Kin leans in during the comment and speaks into my ear. Before I can speak with him the lumbering form of the Mantis drags a dead wolf into the tower. Given his movement I gather most of the blood came from the wolf, but some of the blood looks like it comes from wounds. After he drops the carcass of the wolf into a drain in the kitchen, I tend to his wounds and stop the major bleeding.

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2 Re: Okami's Journal on Wed Apr 03, 2013 8:28 pm

Bayushi Dave

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Amateur Writer

The day came but the sun remained frozen in the sky, hidden from sight. Our kindling remains steady, but the energy of the tower remains nervous. Anxious. An anxiety paid in full.

The young boy screamed at the sight of his dead grandmother. He remained ecstatic and refused attempts to calm him. His mother rose the suspicions of the others within the tower by throwing wild accusations against those in the samurai caste. I reminded her of her proper place, but it only planted a seed of discontent within their minds.

The Celestial Order does not inhibit those born into peasantry—it protects them from the dangers of the world. If this order were to fall, those peasants would be torn apart by the evils of the world. I remind them of their place for their protection. And I will kill her with my hands to defend it.

The body is removed and given burial rites. I can’t recall who took care of the ordeal, but the family of the deceased stayed by the fire for some time.

While I speak with the Shosuro twins the distrustful Tortoise tells us about a ward he removed. Given the events of the past night, even etiquette and courtesy begin to falter when dealing with this man. The shugenja take the Tortoise to where he removed the ward at my request, while I investigate the area where I saw a door in my dream.

Within the calm after the death, we come to share bits of information linking our dreams. Following these signs bring us to a hidden cave beneath the snow. A waning pounding rests against my mind but not my chest. It comes from deep.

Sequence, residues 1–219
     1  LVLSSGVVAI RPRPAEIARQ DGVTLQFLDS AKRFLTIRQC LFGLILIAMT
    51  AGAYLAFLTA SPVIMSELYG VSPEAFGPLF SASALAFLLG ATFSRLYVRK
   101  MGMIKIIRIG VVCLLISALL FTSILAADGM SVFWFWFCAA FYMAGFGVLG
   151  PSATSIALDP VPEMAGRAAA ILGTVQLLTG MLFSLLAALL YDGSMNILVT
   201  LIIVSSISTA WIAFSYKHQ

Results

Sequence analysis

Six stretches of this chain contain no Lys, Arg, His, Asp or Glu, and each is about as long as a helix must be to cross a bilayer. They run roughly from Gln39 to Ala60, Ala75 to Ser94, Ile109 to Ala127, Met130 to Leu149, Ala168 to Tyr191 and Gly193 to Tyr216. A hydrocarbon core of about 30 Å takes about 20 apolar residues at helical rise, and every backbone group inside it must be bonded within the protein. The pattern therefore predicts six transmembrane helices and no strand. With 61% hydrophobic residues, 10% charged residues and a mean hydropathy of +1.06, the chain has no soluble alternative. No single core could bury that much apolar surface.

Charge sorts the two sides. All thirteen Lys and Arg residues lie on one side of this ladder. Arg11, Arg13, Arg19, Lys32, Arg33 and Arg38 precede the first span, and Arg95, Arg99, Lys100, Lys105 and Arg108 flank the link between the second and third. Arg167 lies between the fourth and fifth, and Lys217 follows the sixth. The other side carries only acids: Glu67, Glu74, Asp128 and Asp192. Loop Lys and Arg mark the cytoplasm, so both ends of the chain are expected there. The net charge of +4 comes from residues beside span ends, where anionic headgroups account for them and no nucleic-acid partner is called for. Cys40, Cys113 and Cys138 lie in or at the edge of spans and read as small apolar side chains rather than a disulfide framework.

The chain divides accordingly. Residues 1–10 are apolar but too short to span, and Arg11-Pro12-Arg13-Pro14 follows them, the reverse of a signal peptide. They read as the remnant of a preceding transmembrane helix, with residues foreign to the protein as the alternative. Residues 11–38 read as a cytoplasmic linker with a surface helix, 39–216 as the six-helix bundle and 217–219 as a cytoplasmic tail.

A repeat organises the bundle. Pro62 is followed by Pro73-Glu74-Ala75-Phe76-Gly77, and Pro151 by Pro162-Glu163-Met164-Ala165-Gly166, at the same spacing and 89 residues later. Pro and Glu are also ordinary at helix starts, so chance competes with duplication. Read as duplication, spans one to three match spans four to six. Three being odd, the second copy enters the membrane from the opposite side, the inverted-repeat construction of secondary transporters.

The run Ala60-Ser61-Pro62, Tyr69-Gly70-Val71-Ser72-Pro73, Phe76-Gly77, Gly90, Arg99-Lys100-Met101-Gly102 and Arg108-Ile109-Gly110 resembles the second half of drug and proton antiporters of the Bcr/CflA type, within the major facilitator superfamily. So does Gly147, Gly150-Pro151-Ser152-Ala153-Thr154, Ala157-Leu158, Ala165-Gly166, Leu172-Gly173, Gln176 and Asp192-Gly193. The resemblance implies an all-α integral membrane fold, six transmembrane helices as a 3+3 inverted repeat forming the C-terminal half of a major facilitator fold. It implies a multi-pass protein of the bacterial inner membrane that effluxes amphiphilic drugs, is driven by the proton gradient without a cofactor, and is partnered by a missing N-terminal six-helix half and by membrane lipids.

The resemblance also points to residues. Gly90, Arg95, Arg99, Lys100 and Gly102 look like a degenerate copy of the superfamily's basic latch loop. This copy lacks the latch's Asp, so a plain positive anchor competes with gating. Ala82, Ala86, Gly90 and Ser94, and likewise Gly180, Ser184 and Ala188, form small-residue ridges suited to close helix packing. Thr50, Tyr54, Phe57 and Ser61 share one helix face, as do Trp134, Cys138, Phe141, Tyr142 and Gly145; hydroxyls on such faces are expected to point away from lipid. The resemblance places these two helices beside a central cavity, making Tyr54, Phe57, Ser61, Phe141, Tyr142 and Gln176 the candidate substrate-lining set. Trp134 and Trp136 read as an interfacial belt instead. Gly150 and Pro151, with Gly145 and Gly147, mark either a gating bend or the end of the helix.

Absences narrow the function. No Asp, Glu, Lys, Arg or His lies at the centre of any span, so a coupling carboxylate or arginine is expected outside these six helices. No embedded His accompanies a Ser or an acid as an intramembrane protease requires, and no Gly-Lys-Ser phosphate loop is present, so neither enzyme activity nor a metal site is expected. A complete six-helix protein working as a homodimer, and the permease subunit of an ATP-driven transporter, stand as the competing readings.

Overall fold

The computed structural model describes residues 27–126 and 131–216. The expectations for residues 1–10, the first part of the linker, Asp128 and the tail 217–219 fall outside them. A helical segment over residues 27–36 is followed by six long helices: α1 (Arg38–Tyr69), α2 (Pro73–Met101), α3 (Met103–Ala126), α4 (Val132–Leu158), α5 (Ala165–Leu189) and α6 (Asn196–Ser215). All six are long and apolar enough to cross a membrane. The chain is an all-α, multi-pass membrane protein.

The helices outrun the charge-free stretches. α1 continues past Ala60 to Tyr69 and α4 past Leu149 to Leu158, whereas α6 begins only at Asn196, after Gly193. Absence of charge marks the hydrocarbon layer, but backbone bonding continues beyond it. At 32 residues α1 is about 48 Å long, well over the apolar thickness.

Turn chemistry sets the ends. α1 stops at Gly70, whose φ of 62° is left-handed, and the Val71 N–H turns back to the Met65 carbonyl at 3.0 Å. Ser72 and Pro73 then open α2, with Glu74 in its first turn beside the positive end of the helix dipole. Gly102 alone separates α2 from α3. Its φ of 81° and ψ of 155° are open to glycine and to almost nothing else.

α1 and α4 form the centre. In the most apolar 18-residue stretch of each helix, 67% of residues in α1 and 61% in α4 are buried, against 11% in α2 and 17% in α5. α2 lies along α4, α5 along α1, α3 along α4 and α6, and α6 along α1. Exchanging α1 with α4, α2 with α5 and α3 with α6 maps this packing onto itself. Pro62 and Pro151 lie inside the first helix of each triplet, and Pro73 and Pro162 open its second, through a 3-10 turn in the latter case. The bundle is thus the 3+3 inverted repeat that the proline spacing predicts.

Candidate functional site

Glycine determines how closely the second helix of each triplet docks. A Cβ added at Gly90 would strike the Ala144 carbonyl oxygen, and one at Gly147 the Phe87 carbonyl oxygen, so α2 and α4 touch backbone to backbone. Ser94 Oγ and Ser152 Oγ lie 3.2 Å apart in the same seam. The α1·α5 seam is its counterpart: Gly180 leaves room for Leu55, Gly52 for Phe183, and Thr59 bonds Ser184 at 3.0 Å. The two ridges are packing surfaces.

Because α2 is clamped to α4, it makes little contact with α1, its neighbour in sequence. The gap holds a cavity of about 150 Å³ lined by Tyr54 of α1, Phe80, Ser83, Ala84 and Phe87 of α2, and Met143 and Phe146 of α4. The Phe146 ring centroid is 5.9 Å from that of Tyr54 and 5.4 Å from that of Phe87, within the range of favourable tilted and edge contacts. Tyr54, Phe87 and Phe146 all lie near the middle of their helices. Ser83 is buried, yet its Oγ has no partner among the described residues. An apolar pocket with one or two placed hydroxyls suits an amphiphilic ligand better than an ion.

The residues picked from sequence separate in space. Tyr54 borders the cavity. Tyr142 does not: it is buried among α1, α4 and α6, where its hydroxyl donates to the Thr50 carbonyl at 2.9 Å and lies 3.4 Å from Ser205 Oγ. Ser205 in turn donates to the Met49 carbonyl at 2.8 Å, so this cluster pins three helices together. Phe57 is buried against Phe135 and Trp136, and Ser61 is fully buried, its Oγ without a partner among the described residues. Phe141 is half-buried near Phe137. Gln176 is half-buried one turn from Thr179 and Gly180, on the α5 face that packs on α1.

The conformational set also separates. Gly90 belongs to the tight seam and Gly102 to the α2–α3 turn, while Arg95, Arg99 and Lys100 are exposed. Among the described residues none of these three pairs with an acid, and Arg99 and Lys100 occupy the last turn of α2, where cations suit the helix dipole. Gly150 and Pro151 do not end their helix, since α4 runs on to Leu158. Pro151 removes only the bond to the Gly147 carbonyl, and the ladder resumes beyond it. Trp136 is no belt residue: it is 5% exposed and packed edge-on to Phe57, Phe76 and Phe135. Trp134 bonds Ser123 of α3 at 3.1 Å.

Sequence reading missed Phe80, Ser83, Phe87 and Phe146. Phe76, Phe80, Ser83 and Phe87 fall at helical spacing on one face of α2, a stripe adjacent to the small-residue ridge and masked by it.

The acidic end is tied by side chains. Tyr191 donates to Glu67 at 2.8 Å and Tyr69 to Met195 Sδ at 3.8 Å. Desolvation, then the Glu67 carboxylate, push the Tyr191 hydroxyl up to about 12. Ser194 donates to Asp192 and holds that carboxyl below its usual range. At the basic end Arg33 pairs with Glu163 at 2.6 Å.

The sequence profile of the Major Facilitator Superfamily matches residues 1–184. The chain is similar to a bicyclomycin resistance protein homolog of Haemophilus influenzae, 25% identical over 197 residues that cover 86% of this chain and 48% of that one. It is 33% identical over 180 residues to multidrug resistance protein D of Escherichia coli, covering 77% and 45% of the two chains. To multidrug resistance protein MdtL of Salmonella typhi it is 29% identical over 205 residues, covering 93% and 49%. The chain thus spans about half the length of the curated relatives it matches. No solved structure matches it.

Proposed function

Yuna and Kotaro briefly fight over the beads; Yuna takes them. Kotaro steals them. Acting as our medium, Kotaro speaks with some manner of spectre. The hand guard I found upon our arrival proves some use to him, so I relinquish it. With what actions transpired over the past day, anything to remove myself from this cursed tower will do.

Kotaro stays within the gut of the cave for several hours.

We look after our supplies until a disturbance comes at the door. Three men seek shelter, one knows Wenbo. After allowing them to enter I feel a disturbance about them. While they warm themselves by the fire, I go to the second floor and pilfer through the lumber we collected to find some tree sap and the perfect mushroom. Slowly I grind the mushroom into a powder with the back of my clog. Raised voices come from the side of the room while I add some water to form a paste. The sap gives the paste the viscosity needed to help keep the rate of absorption of the poison to a more subtle substance.

I descend the stairs just as cool heads do the same within the room. Riou refuses reason, prompting me to draw my blade and tessen. Yuna strikes at him, but Riou retains enough of his stature to reveal a pistol. The small ball blasts into Yuna. The Tortoise continues to baffle all reason by blocking door. I can only assume he means to yell at a peasant on the other side.

Yuna and Riou continue their duel with the glow of Yuna’s tattoo bringing their power into the fight. I deflect a blow swung with a dire intention. Knowing his exit is no longer viable and sensing his demise in the air, Riou lunges towards Wenbo, prompting the young swordsman to put Riou down.

Everything in the tower now rests a little more peaceful, but I need to attend to something.

One of the bandits brandishes a katana. This confirms the suspicion I already hold for these two men. The Tortoise interrupts me while I recruit the two men to assist in gathering wood, but his brash nature lends me a shadow to hide in. Each bandit gives off a nervous energy, making it easier for the Tortoise to confiscate their weapons.

Fatigue and blistering cold draw the bandits to the fire for a short rest. I take the time to mix the poison into a waterskin for the men to drink from. Justice and vengeance do not guide me for I would not allow these men the comforts of a hearth were I to. This is necessity.